Local Government and the Implementation of Alabama’s Economic Development Policy
NIKOLAOS ZAHARIADIS and LESLIE MORGAN
PAQ, Vol. 29 No. 1, (2005)
Political power affects not only the outcome (success or failure) of policy
implementation, but also the design of structures used to deliver the policy.
Beginning with the premise that the social construction of reality shapes the
way policy recipients are perceived as well as the costs and benefits
imposed upon them, we explore the effects of political power on the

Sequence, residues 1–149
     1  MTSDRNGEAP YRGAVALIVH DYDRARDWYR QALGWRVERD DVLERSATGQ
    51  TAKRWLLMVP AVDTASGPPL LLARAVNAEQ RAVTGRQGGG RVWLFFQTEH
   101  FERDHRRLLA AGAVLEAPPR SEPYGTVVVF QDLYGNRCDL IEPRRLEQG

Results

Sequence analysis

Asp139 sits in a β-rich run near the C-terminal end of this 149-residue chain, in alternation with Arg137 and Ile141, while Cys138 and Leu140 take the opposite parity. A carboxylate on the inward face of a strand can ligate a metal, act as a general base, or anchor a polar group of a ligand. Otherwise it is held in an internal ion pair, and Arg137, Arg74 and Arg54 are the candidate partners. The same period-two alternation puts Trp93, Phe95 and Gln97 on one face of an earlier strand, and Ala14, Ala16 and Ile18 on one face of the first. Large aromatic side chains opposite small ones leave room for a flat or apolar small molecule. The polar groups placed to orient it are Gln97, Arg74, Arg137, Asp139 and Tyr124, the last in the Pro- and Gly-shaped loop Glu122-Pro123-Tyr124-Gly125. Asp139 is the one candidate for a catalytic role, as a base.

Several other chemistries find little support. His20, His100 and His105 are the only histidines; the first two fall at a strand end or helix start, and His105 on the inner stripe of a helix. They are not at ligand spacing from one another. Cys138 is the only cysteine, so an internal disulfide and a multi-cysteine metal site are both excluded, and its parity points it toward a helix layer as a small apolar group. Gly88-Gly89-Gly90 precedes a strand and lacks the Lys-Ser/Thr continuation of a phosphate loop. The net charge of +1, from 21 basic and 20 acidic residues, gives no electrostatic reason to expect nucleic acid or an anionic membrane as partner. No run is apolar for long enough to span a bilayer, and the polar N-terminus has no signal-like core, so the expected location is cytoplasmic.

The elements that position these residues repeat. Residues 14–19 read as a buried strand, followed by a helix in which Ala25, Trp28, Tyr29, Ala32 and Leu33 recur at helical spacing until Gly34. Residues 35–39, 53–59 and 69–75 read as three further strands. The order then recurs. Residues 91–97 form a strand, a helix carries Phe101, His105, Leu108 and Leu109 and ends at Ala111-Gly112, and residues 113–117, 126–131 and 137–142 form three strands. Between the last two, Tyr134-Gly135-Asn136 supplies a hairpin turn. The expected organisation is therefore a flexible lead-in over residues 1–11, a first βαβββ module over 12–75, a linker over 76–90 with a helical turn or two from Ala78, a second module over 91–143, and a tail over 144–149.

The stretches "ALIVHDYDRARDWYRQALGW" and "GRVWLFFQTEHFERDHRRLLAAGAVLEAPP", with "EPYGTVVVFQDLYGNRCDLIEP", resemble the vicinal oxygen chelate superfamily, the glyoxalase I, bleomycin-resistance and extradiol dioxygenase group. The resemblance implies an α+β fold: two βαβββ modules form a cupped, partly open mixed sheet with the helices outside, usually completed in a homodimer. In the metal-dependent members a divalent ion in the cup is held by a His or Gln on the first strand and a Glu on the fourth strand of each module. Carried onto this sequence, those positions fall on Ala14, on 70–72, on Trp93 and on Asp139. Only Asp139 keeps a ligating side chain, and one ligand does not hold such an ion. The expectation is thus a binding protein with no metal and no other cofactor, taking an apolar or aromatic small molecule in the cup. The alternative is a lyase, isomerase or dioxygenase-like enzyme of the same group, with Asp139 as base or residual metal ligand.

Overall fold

delivery of benefits to advantaged populations. More specifically, we
examine the impact of local, or sub-state, government in shaping state
economic development policy. To empirically probe the effects of power,
we have chosen the case of Honda’s investment in Alabama in 1999. We
reach two conclusions. First, clarity of objectives is not detrimental to
effective implementation. Second, implementation structures may be
designed with fuzzy objectives and questionable linkages to outcomes in
order to secure the highest level of support. Bureaucratic discretion is not
simply a function of issues or need for accountability, but also a function of
the incentives derived by political power.
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